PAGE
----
Monitoring programs that survey many wildlife species at the same time across large geographic regions are important for informing conservation decisions, but reptiles are often missing from these efforts because they are difficult to survey. As described in a new Ecology & Evolution study, researchers have now developed a way to provide accurate estimates of lizard populations.
The scientists used their approach at 229 widely-dispersed sites throughout the Mojave Desert in California and estimated a total population size of 80 million for the three most common species of lizards across this 66,830 km2 ecoregion comprising 16% of the total land area of the state.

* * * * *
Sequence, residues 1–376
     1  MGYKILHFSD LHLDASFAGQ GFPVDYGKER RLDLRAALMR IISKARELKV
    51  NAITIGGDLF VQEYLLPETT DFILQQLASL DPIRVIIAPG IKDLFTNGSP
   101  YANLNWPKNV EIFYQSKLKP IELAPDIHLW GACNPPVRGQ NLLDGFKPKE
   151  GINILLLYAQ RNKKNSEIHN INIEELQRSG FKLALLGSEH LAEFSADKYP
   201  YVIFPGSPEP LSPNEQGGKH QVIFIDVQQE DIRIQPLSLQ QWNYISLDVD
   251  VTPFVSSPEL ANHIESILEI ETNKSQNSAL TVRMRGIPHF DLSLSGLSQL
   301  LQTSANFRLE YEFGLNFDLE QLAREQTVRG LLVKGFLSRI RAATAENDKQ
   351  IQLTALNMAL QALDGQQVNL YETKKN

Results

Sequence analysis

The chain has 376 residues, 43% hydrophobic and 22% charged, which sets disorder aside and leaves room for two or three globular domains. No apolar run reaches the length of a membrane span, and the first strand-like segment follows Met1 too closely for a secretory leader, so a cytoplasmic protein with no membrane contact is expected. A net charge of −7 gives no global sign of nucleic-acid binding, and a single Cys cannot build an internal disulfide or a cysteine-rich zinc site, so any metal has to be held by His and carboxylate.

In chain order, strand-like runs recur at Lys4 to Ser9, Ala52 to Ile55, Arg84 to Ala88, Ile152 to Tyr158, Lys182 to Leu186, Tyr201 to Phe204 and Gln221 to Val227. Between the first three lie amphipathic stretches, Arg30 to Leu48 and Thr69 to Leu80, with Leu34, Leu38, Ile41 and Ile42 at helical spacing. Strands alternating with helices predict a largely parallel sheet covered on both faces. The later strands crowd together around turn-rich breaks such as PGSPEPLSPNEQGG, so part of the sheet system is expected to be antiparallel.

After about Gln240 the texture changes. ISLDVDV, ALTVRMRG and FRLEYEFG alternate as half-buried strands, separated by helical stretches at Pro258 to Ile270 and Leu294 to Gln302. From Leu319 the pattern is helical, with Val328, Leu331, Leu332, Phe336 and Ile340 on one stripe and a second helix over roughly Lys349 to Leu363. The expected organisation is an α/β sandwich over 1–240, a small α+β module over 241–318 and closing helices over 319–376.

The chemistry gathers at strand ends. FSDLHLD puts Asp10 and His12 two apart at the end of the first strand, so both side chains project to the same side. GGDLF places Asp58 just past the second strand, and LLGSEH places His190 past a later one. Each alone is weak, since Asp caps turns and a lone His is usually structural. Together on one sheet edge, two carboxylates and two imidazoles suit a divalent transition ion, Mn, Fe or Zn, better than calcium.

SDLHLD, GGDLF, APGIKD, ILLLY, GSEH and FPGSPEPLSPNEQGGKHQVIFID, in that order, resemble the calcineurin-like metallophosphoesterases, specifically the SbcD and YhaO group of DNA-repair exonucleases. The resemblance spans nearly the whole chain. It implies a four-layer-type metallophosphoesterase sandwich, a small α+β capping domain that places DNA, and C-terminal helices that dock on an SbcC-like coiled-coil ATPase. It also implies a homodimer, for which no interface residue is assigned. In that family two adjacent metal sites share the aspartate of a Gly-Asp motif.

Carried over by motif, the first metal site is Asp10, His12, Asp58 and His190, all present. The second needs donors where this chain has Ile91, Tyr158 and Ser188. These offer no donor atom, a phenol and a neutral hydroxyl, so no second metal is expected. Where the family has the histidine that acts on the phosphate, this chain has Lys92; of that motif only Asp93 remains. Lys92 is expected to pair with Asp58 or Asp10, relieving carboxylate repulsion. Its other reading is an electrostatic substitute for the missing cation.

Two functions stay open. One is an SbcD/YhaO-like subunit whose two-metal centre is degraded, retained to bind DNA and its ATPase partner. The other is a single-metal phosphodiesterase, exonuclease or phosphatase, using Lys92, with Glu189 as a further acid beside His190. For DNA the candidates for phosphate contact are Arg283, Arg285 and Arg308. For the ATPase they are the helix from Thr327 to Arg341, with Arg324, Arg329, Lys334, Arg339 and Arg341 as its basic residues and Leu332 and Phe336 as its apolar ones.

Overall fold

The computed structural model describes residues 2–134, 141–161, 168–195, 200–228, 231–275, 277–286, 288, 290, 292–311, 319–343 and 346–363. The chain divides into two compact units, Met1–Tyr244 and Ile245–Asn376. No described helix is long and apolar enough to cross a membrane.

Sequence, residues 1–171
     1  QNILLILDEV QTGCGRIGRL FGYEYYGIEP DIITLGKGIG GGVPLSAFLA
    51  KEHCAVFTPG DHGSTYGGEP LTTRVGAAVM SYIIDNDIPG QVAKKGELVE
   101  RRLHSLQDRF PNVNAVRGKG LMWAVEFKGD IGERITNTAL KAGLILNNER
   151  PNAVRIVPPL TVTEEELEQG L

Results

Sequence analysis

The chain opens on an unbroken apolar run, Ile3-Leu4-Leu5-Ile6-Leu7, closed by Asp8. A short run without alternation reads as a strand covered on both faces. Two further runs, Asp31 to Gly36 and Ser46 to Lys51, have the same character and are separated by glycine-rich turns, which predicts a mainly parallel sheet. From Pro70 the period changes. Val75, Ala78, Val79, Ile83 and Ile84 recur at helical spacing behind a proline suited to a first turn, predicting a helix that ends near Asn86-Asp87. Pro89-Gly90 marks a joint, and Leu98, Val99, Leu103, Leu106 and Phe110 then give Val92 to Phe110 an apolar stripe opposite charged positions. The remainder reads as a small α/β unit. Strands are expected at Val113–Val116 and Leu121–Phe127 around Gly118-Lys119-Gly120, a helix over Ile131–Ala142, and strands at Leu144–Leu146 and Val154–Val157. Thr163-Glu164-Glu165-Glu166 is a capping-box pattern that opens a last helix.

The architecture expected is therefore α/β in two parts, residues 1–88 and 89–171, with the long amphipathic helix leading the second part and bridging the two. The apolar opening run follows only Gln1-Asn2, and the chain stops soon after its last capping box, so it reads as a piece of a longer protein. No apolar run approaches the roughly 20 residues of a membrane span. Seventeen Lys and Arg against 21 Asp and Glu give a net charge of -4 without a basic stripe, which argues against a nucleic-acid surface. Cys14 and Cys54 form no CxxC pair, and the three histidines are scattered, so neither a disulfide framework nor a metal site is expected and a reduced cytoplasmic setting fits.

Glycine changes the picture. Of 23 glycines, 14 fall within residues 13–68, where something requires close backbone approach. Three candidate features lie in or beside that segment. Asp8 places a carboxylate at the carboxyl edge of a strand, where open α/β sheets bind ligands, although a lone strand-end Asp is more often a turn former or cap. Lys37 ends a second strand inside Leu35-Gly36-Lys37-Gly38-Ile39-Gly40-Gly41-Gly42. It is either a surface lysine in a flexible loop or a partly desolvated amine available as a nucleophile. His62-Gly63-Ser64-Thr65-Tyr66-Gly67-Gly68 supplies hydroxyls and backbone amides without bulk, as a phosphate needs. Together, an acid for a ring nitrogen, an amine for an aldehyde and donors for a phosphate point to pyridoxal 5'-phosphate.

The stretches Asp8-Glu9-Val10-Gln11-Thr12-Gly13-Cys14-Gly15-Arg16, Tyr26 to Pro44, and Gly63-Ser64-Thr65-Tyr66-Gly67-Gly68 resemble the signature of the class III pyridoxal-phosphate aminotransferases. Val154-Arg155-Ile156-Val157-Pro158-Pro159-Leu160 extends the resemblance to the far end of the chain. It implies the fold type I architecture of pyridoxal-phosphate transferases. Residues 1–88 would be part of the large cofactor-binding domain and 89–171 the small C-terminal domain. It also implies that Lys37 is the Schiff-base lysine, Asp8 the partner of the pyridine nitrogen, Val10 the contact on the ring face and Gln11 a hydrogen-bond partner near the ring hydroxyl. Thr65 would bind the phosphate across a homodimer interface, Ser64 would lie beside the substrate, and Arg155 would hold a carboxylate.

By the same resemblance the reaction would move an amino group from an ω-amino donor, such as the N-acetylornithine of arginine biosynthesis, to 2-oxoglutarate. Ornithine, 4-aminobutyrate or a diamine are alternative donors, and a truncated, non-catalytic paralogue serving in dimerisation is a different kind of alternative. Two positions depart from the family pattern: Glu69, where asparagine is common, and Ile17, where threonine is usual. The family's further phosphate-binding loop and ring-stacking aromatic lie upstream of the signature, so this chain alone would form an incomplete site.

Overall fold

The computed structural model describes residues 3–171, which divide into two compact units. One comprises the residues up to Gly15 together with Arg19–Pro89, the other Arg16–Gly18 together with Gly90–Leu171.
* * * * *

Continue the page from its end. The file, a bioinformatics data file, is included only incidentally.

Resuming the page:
The results provide a baseline against which to monitor changes in population status and show how the distribution and behavior of lizards vary with differences in vegetation cover, human land use, and temperature. The study also demonstrates how multi-species monitoring programs spanning arid ecoregions can better incorporate information about reptiles.
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Brett J. Furnas et al, Hierarchical distance sampling to estimate population sizes of common lizards across a desert ecoregion, Ecology and Evolution (2019). DOI: 10.1002/ece3.4780